5. Meditate for awhile upon this truth, for it will help you to magnify the power, the wisdom, and the grace of Christ who has put it away. It is a very hard thing to put away sin, all the Jewish sacrifices could not do it. They were very costly, sometimes thousands of young bulls were slaughtered. They were ordained by God himself; in the tabernacle everything was done according to the pattern seen in the holy mount by Moses; in the temple no sacrifice was presented but according to the divine command. The whole Aaronic ritual was very impressive. The priests in their holy robes, pure white linen garments, the golden altar, lampstand, and table, the fire, the smoke, the incense; the whole thing was calculated very much to impress the mind. The first covenant provided a very magnificent service, such as never will be excelled, but for all that, costly, divinely arranged, impressive, yet it could not put away sin; and the evidence of this is found in the fact that after one day of atonement they needed another atonement next year. Now, if sin had been put away there would have been an end of the sin offering; there is an end of paying when the debt is discharged; an end of punishment when the penalty is fulfilled; an end of propitiation when God is satisfied. Why would the fuller need to cleanse the garment if it is already immaculately white? Why would the refiner need to throw in fresh fuel if the gold is already free of all alloy? What would be the need, then, of a further sacrifice for sin if sin is effectually removed? My brethren, sin was still there, after all the sin offerings, it was not washed away, and such men as David felt this when they cried, “You do not desire sacrifice; otherwise I would give it: you do not delight in burnt offerings.” Here were thousands of years then of the shedding of the blood of bulls and goats, according to divine command, and yet sin still remained, for its removal was a harder thing to achieve than the blood of bulls and goats could accomplish.
6. Nor could sin be put away by additional ceremonies added to it. There were those in our Lord’s days who, not content with doing what God had commanded, invented rites and ceremonies of their own, or carried out those commanded in a manner never intended by God. These men practised washings of all kinds, fastings, and genuflections; they broadened the borders of their garments, they wore phylacteries, they paid tithe of mint, and anise and cummin, and so on, and hoped by carrying out these minutiae and by adding to it the traditions of the fathers obediently observed, so that they might succeed in achieving a righteousness which should cover their sin. But our Lord expressly tells us that this was a complete failure, for though they succeeded in making clean the outside of the cup and the platter, their inward parts were very wickedness, and while they were as outwardly clean as sepulchres that had been newly whitewashed, yet their inward parts were full of rottenness; there had been no cleansing of themselves by all that they had done. And it is so now, my dear hearers, no outward forms can make you clean; the leprosy of sin lies deep within. Not even rites that God has given, I repeat it, not even rites that God has given, can avail, however reverently observed, to remove so much as one single sin.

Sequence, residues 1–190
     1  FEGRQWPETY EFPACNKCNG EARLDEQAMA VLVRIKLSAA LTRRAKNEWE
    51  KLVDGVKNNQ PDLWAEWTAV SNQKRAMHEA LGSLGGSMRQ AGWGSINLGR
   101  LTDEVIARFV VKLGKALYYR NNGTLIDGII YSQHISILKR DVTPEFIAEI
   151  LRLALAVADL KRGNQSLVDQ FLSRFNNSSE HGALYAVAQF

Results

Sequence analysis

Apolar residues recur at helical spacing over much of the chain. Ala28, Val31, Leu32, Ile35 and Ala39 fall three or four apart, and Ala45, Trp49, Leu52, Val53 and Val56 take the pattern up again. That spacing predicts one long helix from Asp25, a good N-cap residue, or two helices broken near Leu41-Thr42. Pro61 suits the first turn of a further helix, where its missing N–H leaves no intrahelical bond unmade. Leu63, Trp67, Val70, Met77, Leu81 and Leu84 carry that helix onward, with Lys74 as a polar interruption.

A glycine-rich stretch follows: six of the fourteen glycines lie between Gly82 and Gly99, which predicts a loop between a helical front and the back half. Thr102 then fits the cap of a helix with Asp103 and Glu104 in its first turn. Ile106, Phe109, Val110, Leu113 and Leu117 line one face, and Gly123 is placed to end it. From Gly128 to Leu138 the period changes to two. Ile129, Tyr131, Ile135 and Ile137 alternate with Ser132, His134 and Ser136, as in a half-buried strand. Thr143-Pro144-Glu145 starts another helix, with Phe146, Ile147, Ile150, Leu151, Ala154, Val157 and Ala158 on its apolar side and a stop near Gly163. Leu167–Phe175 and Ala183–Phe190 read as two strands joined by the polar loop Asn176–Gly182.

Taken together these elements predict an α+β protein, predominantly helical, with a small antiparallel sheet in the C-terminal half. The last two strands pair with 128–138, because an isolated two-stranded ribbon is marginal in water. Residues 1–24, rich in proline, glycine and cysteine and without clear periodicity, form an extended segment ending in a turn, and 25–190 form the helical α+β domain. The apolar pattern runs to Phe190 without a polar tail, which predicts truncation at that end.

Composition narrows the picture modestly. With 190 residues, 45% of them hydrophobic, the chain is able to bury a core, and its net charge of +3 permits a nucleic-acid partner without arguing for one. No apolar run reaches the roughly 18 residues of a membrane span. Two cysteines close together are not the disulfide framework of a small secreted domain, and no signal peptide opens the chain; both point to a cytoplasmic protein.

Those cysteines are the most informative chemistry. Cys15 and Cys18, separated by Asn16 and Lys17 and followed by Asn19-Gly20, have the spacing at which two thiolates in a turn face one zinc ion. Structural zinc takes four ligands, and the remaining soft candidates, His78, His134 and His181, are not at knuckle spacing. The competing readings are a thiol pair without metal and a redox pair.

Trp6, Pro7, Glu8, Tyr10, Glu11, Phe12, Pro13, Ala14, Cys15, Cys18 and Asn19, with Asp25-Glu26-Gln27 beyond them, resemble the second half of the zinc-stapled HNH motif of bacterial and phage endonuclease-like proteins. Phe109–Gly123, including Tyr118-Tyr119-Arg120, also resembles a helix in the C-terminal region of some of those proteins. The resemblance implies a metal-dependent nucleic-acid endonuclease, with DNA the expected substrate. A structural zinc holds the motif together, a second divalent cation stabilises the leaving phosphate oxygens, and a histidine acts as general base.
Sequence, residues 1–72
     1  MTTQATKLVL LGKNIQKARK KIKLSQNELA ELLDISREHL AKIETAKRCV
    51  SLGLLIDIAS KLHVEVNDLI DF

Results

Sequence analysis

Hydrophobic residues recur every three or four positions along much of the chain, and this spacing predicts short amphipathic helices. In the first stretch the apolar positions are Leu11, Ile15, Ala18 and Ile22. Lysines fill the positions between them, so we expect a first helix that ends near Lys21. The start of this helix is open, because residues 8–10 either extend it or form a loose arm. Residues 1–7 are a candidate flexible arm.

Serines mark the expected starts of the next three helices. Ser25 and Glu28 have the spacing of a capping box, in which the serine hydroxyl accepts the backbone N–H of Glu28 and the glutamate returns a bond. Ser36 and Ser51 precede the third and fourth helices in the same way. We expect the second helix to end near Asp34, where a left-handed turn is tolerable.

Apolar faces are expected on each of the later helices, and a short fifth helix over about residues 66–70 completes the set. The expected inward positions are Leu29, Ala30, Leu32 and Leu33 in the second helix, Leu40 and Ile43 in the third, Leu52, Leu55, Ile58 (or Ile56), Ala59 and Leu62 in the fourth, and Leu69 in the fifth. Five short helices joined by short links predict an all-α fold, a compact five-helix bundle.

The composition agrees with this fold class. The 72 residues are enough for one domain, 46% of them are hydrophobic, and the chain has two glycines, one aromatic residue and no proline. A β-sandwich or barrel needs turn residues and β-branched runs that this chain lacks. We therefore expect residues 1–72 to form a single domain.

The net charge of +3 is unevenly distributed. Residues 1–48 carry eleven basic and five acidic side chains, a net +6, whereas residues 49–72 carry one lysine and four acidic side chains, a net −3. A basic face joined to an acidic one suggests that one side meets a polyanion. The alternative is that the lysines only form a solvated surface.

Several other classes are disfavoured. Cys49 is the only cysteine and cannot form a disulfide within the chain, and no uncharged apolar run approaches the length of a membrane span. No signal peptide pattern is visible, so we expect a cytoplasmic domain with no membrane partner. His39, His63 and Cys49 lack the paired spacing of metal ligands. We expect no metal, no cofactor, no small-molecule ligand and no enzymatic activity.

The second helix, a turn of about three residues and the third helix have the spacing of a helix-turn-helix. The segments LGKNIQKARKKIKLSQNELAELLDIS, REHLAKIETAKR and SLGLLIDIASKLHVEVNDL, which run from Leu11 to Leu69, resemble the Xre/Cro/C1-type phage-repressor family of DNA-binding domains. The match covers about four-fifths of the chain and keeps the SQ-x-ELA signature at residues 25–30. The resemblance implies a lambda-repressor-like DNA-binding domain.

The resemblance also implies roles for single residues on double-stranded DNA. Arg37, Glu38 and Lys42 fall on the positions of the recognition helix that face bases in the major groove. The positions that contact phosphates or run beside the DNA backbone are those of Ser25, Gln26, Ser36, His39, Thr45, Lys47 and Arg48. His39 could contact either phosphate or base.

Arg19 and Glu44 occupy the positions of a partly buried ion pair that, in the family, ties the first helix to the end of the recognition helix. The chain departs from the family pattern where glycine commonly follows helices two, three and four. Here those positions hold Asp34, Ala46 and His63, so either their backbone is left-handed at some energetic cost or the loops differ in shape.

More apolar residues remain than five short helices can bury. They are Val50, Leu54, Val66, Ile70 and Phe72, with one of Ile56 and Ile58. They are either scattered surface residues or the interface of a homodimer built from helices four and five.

More than this, repentance itself cannot purge a man from sin. If
anything could do it, surely this might. Let me not be mistaken;
wherever God gives real repentance of sin, there sin is forgiven, for
repentance and remission go together. But no man is pardoned because
of any merit in his repentance. Repentance is a gift given to us
graciously at the same time as remission, but it is not the cause of
remission; it comes with it, and is one of the outward evidences of
it, but it is by no means its cause. Now observe the proof of this in
the case of David. David was as penitent as a man could ever be; his
penitential Psalms remain for ever the most wonderful expression of a
broken heart, yet David nowhere claims forgiveness because of his
contrition. Take the fifty-first Psalm as an example. David nowhere
concludes that he is forgiven, because he repents, or that his tears
can wash him white; his petition is, “Purge me with hyssop, and I
shall be clean”: alluding to the sacrificial blood which was
sprinkled by a piece of hyssop, “wash me, and I shall be whiter than
snow.” Nothing about “I have washed my couch with tears, and
therefore I am whiter than snow. I have made my bed to swim with my
heart sorrow for my transgression, and therefore I am pure.” His
remorse was very acute, but he never rests on that. He looks to the
hyssop; he turns himself to the sacred fount of the atoning blood,
and there he hopes for cleansing. Ah, dear hearer, and so must you!
Could your tears for ever flow,
Could your grief no respite know,
All for sin could not atone:
Christ must save, and Christ alone.